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Competing interests

The authors declare no competing financial interests.

Extended data figures and tables

Extended Data Figure 1 ZPC improves contrast of cryoET images and reveals detailed structural features of Syn5-infected cells.

a, A conventional EM image of a Syn5-infected WH8109 cell. b, A ZPC image of the same cell as shown in a under the same imaging conditions.

Extended Data Figure 2 ZPC-cryoEM single-particle images of biochemically purified mature Syn5 phage.

The particles are shown with the tail pointing down and the wavy horn pointing up. The tail fibres appear to have variable conformations.

Extended Data Figure 3 General linear modelling of cellular carboxysome number with progression of infection.

The number of carboxysomes remains roughly constant as infection progresses, indicating that their variation does not correlate with progression of infection. The solid line indicates linear regression; the dashed lines indicate the 95% confidence limits.

Supplementary information

Zernike phase contrast tilt series images of a Syn5-infected WH8109 cell at an intermediate stage of infection

Tilt series of a frozen, hydrated Syn5-infected WH8109 cell was collected manually with an electron energy of 200 kV under low dose conditions on a 4kx4k CCD camera at 25,000× microscope magnification. The tilt angles ranged from -60° to 60° at 3° step increments. The accumulated electron exposure for the specimen in this tilt series was 40-50 electrons/Å2. The sampling of the data was calibrated to be 4.52Å/pixel. (MOV 11476 kb)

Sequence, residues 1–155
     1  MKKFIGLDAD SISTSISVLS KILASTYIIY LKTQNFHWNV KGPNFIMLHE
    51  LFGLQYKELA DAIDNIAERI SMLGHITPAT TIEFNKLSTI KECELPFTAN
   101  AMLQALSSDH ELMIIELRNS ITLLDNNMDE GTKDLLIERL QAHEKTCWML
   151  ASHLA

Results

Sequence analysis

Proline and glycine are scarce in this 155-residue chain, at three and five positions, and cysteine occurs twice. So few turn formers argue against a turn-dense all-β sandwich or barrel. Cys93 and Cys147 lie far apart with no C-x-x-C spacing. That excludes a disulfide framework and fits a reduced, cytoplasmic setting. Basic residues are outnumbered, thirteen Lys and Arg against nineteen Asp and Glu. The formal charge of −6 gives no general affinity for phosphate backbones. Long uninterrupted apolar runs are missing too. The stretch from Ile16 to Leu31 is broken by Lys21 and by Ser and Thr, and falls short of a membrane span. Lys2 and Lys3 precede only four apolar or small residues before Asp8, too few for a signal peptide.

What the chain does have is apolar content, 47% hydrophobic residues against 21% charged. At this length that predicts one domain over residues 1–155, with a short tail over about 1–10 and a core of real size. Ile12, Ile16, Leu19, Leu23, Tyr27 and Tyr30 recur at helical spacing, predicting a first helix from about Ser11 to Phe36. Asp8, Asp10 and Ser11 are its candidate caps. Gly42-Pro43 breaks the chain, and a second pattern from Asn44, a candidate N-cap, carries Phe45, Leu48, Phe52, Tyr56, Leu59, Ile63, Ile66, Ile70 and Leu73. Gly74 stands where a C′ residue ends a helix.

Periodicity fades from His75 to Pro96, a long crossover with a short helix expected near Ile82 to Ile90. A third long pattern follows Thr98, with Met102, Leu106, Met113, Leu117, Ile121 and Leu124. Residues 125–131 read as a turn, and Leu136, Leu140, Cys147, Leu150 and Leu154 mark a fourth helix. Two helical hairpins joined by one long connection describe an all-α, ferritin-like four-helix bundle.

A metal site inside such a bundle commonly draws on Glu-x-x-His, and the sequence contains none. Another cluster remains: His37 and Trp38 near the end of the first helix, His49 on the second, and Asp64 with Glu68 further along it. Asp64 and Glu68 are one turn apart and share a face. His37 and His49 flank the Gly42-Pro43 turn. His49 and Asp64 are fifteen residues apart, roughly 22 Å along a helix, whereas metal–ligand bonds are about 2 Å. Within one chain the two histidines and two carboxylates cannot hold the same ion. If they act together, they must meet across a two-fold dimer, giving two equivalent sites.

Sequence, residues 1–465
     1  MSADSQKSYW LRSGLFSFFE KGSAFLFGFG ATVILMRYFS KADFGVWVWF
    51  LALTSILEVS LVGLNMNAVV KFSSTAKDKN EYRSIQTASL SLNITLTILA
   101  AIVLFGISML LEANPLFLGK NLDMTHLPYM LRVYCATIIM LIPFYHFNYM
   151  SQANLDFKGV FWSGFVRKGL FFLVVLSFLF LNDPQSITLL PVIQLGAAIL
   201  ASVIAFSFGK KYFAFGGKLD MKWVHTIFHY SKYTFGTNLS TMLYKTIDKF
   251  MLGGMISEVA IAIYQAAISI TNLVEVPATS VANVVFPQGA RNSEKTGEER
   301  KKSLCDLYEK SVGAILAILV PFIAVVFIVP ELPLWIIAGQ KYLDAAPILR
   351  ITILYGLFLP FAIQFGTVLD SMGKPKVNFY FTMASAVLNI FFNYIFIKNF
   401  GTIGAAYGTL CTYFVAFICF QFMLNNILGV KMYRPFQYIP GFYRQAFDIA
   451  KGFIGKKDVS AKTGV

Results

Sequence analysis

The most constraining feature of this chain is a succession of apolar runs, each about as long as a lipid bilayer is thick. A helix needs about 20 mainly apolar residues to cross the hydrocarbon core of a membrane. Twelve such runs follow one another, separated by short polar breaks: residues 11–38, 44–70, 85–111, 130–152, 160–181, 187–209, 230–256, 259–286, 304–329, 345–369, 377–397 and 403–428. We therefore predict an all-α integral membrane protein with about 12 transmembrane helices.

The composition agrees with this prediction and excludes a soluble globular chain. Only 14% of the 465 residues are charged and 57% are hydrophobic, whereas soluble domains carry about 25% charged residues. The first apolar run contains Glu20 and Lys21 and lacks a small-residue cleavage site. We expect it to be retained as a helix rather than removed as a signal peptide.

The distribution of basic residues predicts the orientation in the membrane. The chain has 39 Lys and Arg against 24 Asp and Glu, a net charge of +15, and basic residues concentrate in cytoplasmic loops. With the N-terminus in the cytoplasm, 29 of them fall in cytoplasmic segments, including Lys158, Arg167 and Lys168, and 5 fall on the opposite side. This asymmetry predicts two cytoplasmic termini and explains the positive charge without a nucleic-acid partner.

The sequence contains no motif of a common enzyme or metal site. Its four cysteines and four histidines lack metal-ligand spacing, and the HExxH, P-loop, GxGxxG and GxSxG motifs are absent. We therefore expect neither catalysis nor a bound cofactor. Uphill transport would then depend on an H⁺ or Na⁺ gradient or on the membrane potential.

Volume rendering and annotation of the tomogram shown in video S1 with colour representations as in Fig. 2c

The tomogram was reconstructed using IMOD software. It is displayed both section-by-section and by volume rendering. Features are annotated by colours to designate molecular components attached and inside the cells, including cell envelope, thylakoid membrane, carboxysome, P-granules, ribosomes, infecting phages and phage assembly intermediates. (MOV 27885 kb)

Zernike phase contrast tilt series images of a Syn5-infected WH8109 cell at a late stage of infection with a ruptured cell membrane

Tilt series of frozen, hydrated Syn5-infected WH8109 cell was collected manually with an electron energy of 200 kV under low dose conditions on a 4kx4k CCD camera at 25,000× microscope magnification. The tilt angles ranged from -60° to 60° at 3° step increments. The accumulated electron exposure for the specimen in this tilt series was 40-50 electrons/Å2. The sampling of the data was calibrated to be 4.52Å/pixel. (MOV 13083 kb)

Volume rendering and annotation of the tomogram shown in video S3 with colour representations as in Fig. 1

The tomogram was reconstructed using IMOD software. It is displayed both section-by-section and by volume rendering. Features are annotated by colours to designate molecular components attached and inside the cells, including cell envelope, thylakoid membrane, carboxysome, P-granules, ribosomes, infecting phages and phage assembly intermediates. An increased number of DNA containing phage particles are visible, and overall contrast is enhanced over that in video S2, because the cell is beginning to rupture at this late stage of infection. (MOV 28142 kb)

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Dai, W., Fu, C., Raytcheva, D. et al. Visualizing virus assembly intermediates inside marine cyanobacteria. Nature 502, 707–710 (2013). https://doi.org/10.1038/nature12604